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Don't let the bedbugs bite; The little suckers are back

Before your trip

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Wayne White is a board certified entomologist who works for American Pest in Takoma Park, Md. He shows how to inspect a hotel room bed for bedbugs.

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Prevention starts at home. Even if you've never seen the bugs in your boudoir, White recommends sealing your mattress and box spring in clear plastic or vinyl coverings. Choose a mattress model without handles or seams, eliminating hiding spots. Major retailers such as Walgreens and Sears sell the encasements. He also suggests placing the legs of the bed inside an insect interceptor, a ringed plastic saucer that creates a slippery surface as treacherous as Everest after an icestorm. The container traps the bugs so that they can't venture north to your mattress.

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"This will help you inspect and detect the problem," said White. It will also stanch migration from your house to the wide, wide world.

Also, before booking a hotel, check the Bed Bug Registry (bedbugregistry.com) for reports. A recent submission for the Trump Plaza and Casino in Atlantic City, for instance, stated, "Got bit to death here."

At the hotel

Before sniffing the toiletries or perusing the minibar, conduct a bed inspection. Prep your station: Slip on disposable plastic gloves and keep a strong flashlight at the ready. A magnifying glass with LED illumination will also come in handy; the eggs are pinprick-small.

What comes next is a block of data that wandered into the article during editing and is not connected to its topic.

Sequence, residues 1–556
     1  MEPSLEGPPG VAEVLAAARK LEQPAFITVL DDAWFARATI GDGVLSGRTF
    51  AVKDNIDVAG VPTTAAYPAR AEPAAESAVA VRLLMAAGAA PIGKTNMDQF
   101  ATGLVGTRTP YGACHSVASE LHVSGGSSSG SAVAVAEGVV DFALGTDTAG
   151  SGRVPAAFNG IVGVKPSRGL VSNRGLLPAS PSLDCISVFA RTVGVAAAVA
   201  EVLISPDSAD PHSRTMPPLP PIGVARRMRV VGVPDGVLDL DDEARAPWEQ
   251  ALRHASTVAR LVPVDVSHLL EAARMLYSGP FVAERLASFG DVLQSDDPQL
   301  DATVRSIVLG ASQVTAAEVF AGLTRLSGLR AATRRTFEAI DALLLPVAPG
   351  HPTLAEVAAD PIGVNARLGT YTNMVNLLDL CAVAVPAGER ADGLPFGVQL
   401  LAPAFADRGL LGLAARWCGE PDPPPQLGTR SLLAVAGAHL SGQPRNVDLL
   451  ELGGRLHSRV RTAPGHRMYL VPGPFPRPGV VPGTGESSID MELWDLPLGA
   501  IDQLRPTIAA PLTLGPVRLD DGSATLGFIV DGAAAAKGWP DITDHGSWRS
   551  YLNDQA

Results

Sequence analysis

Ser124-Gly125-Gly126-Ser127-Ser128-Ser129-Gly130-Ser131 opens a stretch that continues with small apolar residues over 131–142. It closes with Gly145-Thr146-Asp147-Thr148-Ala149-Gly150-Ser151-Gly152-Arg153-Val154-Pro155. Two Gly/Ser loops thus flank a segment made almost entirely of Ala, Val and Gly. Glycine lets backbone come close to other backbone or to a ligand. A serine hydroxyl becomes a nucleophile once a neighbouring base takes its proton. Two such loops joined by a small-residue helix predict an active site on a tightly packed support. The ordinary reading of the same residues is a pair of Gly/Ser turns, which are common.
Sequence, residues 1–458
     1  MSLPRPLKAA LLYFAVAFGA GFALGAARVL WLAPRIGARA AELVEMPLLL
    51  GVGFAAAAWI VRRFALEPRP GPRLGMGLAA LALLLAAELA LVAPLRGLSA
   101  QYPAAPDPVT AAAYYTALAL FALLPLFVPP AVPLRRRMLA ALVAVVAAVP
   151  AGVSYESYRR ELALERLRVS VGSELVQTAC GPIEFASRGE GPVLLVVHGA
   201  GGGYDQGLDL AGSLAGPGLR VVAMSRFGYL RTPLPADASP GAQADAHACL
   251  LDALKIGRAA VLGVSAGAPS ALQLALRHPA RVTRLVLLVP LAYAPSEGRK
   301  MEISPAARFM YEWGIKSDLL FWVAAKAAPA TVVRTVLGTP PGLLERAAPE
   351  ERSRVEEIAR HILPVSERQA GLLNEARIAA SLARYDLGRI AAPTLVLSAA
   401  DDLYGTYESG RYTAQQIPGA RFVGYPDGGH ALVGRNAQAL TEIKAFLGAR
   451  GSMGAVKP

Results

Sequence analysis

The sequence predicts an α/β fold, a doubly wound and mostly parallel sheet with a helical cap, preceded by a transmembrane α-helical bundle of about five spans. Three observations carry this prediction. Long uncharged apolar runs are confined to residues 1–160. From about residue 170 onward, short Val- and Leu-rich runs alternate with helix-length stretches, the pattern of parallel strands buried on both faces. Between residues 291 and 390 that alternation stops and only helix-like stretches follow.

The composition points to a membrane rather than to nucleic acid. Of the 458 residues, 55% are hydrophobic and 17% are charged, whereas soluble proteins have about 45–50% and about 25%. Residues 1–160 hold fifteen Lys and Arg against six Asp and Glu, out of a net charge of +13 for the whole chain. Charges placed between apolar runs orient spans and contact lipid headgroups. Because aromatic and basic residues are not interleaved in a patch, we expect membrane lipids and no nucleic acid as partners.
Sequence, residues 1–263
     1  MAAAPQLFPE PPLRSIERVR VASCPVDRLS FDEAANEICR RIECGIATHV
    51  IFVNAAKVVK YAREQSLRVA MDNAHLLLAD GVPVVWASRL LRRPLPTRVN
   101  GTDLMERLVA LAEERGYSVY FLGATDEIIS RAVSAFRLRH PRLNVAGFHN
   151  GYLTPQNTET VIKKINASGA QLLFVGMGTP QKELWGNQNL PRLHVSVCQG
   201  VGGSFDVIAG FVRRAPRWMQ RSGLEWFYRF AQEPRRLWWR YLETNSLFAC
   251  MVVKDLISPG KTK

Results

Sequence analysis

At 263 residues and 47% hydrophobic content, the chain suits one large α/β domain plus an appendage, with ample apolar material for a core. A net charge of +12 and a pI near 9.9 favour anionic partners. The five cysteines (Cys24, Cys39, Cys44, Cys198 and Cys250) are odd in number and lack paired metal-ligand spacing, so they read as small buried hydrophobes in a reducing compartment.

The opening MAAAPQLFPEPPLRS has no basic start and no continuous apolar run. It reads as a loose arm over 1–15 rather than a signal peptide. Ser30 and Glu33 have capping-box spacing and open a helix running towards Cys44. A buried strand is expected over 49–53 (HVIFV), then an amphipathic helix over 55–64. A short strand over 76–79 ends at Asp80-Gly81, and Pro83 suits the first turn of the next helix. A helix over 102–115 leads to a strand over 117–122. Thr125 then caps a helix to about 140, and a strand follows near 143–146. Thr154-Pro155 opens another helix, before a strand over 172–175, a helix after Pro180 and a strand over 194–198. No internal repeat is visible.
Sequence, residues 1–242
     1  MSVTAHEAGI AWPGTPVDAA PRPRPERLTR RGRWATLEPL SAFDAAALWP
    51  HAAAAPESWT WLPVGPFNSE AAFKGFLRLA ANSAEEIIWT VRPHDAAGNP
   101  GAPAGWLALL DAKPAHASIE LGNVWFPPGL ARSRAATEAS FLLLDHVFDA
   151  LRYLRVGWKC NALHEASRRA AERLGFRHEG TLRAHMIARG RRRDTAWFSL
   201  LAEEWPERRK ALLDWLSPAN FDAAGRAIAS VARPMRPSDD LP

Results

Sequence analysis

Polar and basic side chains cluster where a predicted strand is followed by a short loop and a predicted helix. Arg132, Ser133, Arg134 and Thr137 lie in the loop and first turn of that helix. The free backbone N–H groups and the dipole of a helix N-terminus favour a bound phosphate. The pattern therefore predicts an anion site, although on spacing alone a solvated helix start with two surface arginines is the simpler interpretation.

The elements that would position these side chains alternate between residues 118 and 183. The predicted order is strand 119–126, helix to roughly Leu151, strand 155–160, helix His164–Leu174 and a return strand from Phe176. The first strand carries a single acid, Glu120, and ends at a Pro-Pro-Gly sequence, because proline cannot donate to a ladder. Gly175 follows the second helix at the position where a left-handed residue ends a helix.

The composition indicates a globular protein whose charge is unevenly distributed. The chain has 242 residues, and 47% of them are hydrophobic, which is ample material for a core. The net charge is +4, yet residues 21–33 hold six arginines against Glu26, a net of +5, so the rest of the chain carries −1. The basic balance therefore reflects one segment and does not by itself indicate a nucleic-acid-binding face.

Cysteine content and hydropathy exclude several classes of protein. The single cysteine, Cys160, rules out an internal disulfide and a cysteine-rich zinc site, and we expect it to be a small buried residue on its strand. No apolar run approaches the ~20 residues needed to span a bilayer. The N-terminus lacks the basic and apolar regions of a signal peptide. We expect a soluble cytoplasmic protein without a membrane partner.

Start with the headboard, a favorite hiding spot. Many hotel headboards aren't attached to the bed but hang on brackets like a utilitarian piece of art. Lay the piece on the bed and inspect the wall for the telltale signs of infestation: black specks (the - ick - fecal matter), molten sheddings (like pencil shavings) or the bugs themselves (in their various stages of life). Also scan the corners of the headboard.

If the board does not disassemble without heavy machinery, run a piece of white paper (try the breakfast-order card) along the wall and board. The idea is to scrape up some bugs or force them out of their redoubt.

Now, it's time to attack the bed.

Start with the duvet and the sheets, studying them top to bottom before pulling them back to reveal the next layer. Inspect the seams, edges and any puckering sections of fabric. Fortunately, most hotels dress their beds in snowy white linens, so the bugs will stand out.

Rather than tearing off the sheets, fold them in the middle - the easier to remake the bed. When you reach the mattress, remove the cover, paying special attention to the folds, seams, piping and other sneaky hideouts.

Next, slide off the mattress and inspect the box spring. (If it's too heavy, push it aside enough to expose as much of the bottom foundation as possible.) Check the underside, and don't forget the corner protectors (if they are opaque, peel them off). "Take the box spring out of the frame and look around the base," advises White. Because of their claws, bedbugs prefer fabric they can cling to, but scan the metal frame just in case.

Finally, remove the dust ruffles or, if they're stapled to the bed, flash your light in the folds and along the edges.

At this point, your bed will look as if it has been mauled by a mercurial Sandman. But on a more positive note: If you haven't uncovered any evidence of uninvited guests, they're most likely not inhabiting your lair.